“Shows significant ability to evaluate and identify key learning of self and others. Shows clear understanding and knowledge of how to use and aid reflection within learning.” (See Appendix 1) The work of David Kolb studies the way in which people learn and looks in particular at experiential learning. “Experiential learning describes the cyclical pattern of learning from experience through reflection and conceptualising to action, and back to experiencing once again” (Wallace, 2001). Relating this to my own learning, I experience on a day-to-day basis the challenges and joy of working with children. I then reflect on the things I have learnt and how they correspond with my studies and the theories. By reflecting on my learning styles and the way in which I approach my work, I have been able to improve my techniques to ensure I am making the most of my time and energy. However reflecting on my learning with other team members has been beneficial too as it has supported me to change or develop my learning further. As stated in MacLeod – Brundell. I, et al, (2008), “Pollard and Tann (in Fisher, 2001:199) suggest that reflective practice, professional learning and personal fulfilment are enhanced through collaboration and dialogue with colleagues”.

  • Problem Solving

“Occasional critical thinking and decision-making skills with some interpretation of major factors and understanding choices. Some evidence of testing different options and implementing the chosen solution.” (See Appendix 1) Being able to think critically takes time and practice to master. Brookfield has described critical thinking “As a useful and positive activity. The word ‘critical’ often suggests finding fault”. However, “critical thinking can examine an idea or concept by looking at the positive as well as negative aspects” (Day, 1999). For example, during my working day I am able to reflect upon and evaluate current activities that I have done. Likewise in my studies, I am able to look at pieces of researches or articles that have been produced by different authors and occasionally be able to analyse and reflect upon them but I feel that I am lacking some confidence in critical thinking as sometimes I describe rather than analysing the texts. However I am able to reflect on them by giving my views and opinions as well as making links to other articles and/or theorists.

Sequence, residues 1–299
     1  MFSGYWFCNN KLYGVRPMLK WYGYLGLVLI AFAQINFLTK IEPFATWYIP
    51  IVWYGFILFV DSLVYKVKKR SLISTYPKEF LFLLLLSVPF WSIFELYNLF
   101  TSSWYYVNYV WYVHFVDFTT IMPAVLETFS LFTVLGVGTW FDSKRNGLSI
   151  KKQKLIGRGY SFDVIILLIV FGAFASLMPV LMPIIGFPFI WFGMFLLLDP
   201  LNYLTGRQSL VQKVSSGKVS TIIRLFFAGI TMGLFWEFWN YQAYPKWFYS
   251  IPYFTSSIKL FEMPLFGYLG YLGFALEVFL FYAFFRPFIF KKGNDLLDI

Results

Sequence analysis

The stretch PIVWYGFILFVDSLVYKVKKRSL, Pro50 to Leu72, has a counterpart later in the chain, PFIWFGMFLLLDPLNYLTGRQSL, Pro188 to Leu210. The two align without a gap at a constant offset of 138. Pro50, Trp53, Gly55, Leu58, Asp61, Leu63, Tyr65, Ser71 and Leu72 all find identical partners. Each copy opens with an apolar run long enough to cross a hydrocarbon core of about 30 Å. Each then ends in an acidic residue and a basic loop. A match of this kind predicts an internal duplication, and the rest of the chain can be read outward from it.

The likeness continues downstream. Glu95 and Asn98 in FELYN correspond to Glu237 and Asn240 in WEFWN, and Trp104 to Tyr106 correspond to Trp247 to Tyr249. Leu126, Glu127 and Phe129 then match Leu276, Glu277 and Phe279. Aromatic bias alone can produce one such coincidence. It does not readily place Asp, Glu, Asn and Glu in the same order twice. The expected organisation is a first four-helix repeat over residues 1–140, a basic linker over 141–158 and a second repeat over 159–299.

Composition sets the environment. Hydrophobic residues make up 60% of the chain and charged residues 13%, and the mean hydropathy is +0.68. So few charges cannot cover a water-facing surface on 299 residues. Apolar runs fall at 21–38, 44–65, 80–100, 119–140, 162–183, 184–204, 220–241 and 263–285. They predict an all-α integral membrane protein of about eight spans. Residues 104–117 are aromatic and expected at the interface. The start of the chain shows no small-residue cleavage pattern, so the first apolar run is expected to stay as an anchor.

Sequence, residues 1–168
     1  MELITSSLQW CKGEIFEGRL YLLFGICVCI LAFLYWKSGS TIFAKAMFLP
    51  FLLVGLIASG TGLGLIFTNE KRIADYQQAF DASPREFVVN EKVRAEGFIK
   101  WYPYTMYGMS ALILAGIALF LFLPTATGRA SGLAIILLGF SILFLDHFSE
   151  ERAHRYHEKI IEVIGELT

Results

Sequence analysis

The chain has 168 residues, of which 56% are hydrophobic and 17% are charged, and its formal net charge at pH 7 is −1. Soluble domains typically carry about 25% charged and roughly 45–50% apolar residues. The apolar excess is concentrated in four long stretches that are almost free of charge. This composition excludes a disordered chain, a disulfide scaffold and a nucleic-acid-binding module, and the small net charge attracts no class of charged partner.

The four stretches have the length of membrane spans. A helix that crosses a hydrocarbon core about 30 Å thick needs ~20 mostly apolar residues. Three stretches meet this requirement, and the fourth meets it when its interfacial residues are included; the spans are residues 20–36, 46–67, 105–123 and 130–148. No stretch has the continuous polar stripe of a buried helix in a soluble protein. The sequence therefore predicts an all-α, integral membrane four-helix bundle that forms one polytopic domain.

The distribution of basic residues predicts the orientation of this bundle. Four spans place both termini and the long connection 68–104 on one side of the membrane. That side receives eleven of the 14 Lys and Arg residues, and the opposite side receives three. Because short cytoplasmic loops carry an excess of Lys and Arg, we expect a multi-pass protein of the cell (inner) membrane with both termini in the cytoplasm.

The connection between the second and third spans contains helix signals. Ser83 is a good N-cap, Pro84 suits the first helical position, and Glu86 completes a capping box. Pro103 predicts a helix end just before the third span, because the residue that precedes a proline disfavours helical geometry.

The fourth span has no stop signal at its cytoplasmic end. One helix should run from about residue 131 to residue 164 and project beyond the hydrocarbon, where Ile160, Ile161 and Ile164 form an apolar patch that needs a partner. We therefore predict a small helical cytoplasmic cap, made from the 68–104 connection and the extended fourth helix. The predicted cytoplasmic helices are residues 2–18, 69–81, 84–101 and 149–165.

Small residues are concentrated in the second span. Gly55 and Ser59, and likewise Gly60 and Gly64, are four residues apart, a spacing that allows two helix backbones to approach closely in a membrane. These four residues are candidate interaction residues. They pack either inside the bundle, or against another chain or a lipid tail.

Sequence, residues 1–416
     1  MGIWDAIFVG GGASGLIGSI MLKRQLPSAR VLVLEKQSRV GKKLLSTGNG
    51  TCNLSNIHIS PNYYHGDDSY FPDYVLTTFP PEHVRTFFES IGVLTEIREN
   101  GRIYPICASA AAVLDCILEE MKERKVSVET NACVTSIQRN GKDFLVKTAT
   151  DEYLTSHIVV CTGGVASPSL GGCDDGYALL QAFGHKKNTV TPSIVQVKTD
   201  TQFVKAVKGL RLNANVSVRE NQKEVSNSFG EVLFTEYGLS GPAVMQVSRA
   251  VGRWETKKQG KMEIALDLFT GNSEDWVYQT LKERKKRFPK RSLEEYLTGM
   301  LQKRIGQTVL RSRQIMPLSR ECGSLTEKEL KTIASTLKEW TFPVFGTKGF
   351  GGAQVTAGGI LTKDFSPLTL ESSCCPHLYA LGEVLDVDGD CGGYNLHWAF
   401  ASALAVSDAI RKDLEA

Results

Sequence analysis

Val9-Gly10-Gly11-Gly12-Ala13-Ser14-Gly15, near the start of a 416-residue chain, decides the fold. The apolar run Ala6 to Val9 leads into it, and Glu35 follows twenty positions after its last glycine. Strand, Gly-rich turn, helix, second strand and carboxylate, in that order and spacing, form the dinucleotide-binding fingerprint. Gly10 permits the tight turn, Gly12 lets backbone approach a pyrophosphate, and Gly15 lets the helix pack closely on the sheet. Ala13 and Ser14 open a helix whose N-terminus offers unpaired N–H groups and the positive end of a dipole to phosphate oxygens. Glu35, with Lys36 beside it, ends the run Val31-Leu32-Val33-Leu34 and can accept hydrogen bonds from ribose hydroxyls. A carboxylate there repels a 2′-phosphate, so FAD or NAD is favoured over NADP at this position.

• Continuous Professional Development

I recently started working part time in the summer holidays at a Children’s Play Scheme Centre as a Mobile Team Worker. My role was to go to various settings and provide fun activities for children aged 5 – 12 to enjoy in their holidays. Before attending work I was offered to go on training courses alongside other new colleagues which included First Aid Training and Safeguarding Children. Whilst on the Safeguarding Training the information that was being told was already fresh in my mind as I had completed a module on Safeguarding Children. Within the module we discussed relevant and up to date legislations as well as how to proceed and take action on how to deal with children and families where abuse is identified. However this training course was not beneficial for me I think as I knew the relevant information already bearing in mind that it was a beginner’s course to Safeguarding.